About that knocking sound –

On April 10, 2017, Clarence convinced me that we really should look into the oil pan and see what happened when I had started the engine back on January 6th. I reluctantly agreed, knowing full well that what we were going to see was something between ugly and really really ugly. Um…… it was ugly.

Clarence shows me the grit in the oil strainer.

And it got uglier when we pulled off the oil pan.

Oil pan full of ground up bearing material, concentrated below #3 cylinder.

The #3 rod bearing was gone. It had been ground up into crumbs and small chunks. Sally & Clarence left for home the next day and I was left with the knowledge that I had properly guessed a rod issue. But that didn’t make me any happier. I removed the rod cap on #3 and pulled the rod and piston down and out past the crank shaft journal.

Number 3 connecting rod and piston

This is what a rod bearing and rod bearing in a cap are supposed to look like:

Rod bearing alone & rod bearing in rod cap, with shims wired to cap

That was the “before” photo. This is the “after” photo:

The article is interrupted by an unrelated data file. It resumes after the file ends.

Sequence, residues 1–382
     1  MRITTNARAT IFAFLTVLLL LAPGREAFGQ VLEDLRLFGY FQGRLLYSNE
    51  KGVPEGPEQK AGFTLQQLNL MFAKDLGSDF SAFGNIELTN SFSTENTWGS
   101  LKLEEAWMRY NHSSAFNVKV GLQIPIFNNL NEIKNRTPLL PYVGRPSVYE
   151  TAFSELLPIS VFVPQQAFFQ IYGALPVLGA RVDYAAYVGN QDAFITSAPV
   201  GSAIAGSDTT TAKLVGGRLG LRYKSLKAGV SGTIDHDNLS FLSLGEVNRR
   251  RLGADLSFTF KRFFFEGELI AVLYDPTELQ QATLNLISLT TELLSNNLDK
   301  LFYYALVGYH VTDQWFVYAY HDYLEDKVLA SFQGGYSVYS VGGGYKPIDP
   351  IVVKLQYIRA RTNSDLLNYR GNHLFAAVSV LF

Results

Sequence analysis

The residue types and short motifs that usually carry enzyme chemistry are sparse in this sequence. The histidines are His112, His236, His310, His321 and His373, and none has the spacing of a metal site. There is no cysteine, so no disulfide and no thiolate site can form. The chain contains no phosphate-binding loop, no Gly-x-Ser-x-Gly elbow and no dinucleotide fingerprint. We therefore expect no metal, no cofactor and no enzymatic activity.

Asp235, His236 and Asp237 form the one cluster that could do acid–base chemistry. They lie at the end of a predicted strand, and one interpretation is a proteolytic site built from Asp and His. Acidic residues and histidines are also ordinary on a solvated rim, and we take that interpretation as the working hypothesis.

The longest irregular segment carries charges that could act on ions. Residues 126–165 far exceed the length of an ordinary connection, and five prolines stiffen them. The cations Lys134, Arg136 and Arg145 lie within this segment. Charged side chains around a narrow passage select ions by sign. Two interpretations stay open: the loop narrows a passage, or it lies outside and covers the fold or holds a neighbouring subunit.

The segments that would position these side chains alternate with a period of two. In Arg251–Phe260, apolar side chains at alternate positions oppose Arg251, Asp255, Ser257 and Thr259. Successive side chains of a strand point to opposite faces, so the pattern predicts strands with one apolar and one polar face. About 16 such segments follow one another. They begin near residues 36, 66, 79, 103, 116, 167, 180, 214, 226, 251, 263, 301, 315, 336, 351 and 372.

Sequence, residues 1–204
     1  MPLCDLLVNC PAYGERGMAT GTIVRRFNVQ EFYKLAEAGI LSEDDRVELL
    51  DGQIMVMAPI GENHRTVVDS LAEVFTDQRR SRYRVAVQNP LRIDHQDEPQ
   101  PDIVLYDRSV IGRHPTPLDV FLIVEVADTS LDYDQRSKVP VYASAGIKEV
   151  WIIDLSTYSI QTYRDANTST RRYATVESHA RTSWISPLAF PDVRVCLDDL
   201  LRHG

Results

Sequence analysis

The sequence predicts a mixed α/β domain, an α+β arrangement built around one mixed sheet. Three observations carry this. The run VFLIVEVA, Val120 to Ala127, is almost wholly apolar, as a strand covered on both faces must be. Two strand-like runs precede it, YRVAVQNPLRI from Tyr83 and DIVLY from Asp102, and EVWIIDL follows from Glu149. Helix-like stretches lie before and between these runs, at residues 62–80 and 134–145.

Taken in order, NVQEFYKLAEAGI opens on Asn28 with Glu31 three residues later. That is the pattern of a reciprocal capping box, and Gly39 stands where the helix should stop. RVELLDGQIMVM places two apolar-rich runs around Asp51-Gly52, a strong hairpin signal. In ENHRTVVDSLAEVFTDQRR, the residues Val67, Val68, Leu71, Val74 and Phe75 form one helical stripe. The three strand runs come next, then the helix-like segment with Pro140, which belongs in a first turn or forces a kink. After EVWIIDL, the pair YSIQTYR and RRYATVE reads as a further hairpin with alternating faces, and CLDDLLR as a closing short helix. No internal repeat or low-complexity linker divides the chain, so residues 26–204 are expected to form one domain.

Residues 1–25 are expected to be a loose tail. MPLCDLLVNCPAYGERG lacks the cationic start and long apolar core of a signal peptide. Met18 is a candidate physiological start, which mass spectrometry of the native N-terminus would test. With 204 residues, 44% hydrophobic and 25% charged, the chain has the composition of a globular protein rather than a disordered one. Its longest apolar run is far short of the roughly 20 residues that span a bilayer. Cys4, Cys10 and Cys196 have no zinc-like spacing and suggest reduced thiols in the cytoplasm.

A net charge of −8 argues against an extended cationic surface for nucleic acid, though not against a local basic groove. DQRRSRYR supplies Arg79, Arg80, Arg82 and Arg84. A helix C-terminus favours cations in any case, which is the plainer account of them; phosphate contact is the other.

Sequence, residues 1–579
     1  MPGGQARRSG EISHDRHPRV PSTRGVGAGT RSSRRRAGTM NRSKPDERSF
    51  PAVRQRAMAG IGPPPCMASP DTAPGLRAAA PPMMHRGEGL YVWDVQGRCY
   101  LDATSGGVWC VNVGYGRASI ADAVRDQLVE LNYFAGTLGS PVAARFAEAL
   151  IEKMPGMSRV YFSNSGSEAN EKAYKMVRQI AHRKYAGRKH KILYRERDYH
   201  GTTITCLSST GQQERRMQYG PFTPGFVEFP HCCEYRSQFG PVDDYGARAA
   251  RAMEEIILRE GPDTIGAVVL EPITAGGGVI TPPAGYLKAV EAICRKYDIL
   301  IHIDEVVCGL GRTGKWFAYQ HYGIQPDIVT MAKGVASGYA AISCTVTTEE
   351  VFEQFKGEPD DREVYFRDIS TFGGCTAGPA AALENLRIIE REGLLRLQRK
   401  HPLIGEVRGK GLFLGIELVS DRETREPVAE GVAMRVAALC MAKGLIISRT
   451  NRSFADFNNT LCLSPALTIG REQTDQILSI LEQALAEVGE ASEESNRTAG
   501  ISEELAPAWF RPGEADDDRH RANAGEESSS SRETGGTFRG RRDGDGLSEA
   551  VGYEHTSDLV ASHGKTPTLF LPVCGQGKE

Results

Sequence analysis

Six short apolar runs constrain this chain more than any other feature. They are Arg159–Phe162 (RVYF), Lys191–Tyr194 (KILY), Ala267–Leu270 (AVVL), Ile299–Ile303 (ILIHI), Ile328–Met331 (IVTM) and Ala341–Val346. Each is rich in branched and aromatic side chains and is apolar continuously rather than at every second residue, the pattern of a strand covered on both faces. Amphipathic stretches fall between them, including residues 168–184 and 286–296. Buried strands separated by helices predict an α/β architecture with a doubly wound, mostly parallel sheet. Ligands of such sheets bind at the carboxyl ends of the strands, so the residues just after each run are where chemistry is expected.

Munched & crunched rod bearings – minus the oil.

Oh dear – what to do next?

2 thoughts on “About that knocking sound –

  1. craig if you don’t have anyone in your area to pour you new bearings I had a fellow in eastern washington pour them for me on a 1913 Michigan 40 he does nice work but a little slow if you want more info let me know just got them back in june chris

    • July 16, 2017

      Hello Chris – I haven’t had my rod bearings done yet. Always interested in learning who and where this can be done. Is the Michigan yours? If not, who are the owners?
      I am trying to put together an accurate inventory of the existing cars and their serial numbers & engine numbers. Please let me know. My regular email is: craig.correll@gmail.com or call me at (760)434-7010. Thanks! Looking forward to hearing from you.

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